Board Book Tutorial

I haven’t seen many instructions around for making a board book. So I thought I’d share mine.

Some things to consider before starting:

  • I usually use 4-ply museum board when making board books. Illustration board, matboard, chipboard or any thin, stiff and lightweight support can also be used.
  • The paper you use for your pages will form the hinge between your boards, so it should be strong enough to withstand lots of bending. As with most books, the grain of both the boards and paper should run parallel to the spine.
  • It is important to cut your boards accurately and squared. Take your time when you cut.

Making the Board Book Pages

To get straight page spreads that are joined together evenly, you need to line up your boards against a straight edge. This needs to be anchored down either with removable tape, or by putting it against something that won’t move, such as a brick or other weight. I prefer tape. [Note: many “removable” tapes will cure after a few days and become more permanent. I discovered this the hard way after leaving an acrylic quilting ruler taped down for a week.]

carpenter's square used to align boards
You don’t have to use a square–a simple straight edge will do. But accurate alignment is important.

At any rate, tape your straight edge to your work surface with drafting or artists’ tape. I prefer to use a flat L-square — it gives you two sides to line your pages against. [Edit: I later devised an improved jig setup for this. See note at the end for a link to it.]

Also make sure you have something close at hand for wiping your glue-covered fingers. As all bookbinders know, glue-covered fingers are the Devil’s friend.

To begin, you’ll need to have your boards cut to the size you’d like your book to be. Your page spreads should not be trimmed exactly to size before mounting. It’s easier to trim a little excess off of the pages once they are glued than to try to match paper and boards exactly when gluing.

The example instructions are assuming you have 8 boards, which will make a 14 page book (7 page spreads) and a cover.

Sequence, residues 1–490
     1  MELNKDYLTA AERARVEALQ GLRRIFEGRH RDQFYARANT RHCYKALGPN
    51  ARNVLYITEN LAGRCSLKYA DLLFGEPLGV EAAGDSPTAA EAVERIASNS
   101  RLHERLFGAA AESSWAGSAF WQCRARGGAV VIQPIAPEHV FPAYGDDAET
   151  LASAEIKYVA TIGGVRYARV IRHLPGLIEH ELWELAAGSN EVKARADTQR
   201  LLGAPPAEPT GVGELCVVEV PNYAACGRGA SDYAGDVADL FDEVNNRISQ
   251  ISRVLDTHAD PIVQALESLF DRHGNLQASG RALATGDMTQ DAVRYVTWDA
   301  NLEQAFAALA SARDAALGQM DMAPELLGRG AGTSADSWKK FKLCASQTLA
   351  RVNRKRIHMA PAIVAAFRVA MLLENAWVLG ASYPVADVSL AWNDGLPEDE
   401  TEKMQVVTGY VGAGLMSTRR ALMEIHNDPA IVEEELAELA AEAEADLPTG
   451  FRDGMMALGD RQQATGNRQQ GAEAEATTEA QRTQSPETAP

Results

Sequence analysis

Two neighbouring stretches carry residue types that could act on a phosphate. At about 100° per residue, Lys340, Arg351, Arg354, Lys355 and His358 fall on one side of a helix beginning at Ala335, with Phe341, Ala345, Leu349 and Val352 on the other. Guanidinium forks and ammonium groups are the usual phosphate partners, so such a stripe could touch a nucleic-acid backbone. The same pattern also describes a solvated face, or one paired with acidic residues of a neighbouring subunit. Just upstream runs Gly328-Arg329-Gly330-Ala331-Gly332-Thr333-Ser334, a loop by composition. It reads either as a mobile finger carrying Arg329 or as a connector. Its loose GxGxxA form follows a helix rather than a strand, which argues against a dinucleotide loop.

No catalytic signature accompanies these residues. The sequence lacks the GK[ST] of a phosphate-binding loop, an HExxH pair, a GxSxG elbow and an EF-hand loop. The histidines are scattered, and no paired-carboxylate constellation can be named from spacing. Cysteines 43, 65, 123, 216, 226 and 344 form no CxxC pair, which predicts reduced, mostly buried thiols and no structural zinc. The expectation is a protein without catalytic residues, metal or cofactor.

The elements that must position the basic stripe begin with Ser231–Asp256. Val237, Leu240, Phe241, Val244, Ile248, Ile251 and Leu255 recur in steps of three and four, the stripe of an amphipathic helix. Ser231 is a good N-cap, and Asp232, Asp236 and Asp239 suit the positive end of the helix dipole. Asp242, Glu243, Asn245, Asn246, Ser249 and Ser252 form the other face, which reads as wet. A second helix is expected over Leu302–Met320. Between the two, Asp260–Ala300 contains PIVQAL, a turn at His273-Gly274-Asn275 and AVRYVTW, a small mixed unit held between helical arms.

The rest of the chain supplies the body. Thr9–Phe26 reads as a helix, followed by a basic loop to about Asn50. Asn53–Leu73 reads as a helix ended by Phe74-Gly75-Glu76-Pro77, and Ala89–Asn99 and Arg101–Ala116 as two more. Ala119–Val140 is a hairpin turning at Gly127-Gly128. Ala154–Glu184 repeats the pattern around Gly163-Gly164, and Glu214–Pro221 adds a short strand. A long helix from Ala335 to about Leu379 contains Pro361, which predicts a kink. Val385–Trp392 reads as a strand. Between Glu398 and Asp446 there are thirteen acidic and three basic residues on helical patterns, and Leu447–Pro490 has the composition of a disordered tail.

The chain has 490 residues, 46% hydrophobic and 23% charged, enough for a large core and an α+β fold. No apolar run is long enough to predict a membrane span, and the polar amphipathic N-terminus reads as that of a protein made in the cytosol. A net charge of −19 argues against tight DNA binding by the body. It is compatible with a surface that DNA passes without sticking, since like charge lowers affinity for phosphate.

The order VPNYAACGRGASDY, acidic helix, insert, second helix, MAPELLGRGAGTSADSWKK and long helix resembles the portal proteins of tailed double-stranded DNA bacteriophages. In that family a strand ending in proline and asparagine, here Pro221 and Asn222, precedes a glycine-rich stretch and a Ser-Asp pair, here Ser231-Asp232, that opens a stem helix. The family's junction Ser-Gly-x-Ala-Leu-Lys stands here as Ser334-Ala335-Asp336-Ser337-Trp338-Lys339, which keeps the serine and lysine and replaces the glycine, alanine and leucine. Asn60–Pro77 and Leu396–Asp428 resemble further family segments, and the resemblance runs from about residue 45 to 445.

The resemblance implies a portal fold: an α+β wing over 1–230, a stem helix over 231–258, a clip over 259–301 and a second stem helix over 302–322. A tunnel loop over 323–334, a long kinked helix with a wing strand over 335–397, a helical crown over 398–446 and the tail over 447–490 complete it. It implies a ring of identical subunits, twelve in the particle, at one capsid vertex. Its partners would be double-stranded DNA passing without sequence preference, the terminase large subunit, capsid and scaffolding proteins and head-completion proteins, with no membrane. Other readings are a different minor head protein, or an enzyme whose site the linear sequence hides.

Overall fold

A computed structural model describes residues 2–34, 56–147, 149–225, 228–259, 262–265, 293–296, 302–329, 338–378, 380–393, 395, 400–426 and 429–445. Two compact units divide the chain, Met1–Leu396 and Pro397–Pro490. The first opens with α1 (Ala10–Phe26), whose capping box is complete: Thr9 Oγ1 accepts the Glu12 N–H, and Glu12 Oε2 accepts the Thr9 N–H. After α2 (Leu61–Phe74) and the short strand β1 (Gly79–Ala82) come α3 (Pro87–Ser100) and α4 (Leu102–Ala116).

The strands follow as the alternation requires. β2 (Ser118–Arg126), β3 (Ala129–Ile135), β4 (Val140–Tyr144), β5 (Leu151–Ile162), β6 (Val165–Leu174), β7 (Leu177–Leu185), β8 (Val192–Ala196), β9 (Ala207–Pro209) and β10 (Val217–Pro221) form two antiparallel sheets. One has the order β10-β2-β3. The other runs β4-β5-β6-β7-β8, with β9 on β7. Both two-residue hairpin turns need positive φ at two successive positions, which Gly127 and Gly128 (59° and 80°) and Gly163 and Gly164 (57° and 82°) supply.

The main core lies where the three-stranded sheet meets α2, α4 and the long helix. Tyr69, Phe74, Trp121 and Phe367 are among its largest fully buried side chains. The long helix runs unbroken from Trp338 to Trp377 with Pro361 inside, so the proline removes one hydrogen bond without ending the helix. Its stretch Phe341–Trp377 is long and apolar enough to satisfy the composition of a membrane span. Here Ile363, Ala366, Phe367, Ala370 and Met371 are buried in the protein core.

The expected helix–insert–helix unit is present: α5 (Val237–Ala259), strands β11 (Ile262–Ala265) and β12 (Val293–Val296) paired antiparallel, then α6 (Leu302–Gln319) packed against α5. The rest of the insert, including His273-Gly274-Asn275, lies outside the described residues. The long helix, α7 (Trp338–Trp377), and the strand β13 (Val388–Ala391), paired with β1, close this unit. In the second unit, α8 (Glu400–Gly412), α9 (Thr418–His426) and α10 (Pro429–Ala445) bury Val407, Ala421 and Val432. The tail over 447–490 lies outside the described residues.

• Take two of your boards and line them up against your straight edge. When making board books, you don’t need a large space between your boards. When working with museum board, I use a single board thickness.

  • Place one of your page papers on your scrap paper and carefully put a thin, even coating of PVA on the back. Carefully position your glued paper onto your boards. It can be tricky to do this without your boards moving — it gets easier with practice. If the paper I’m mounting has to be positioned exactly (ie to line up text or pictures exactly on the page), I’ll trim off a side — one that will fit against the straight edge–and leave the others untrimmed. [Note: if your finished book is wobbly, you likely have gaps in the glue near the spine. Be sure that you have evenly glued the entire board.]

    Lining up one edge, saving the others to trim later.
  • Immediately after gluing, quickly wipe the glue off your fingers. Using your bone folder or a hard brayer, carefully smooth down your paper-covered boards. Put your joined pair of boards aside (preferably under weight) to dry. When they are dry, trim off the extra paper around the edges.

    I actually find a brayer easier to use here than a bone folder. Either will do.
  • Make three other pairs the same way.
  • Now take two joined pairs and line them up on the straight edge, closed, side by side, with spine edges facing each other. Check that the tops of the pages are in the right place. Join these with a paper page the same way you joined the single boards.
Two pairs lined up.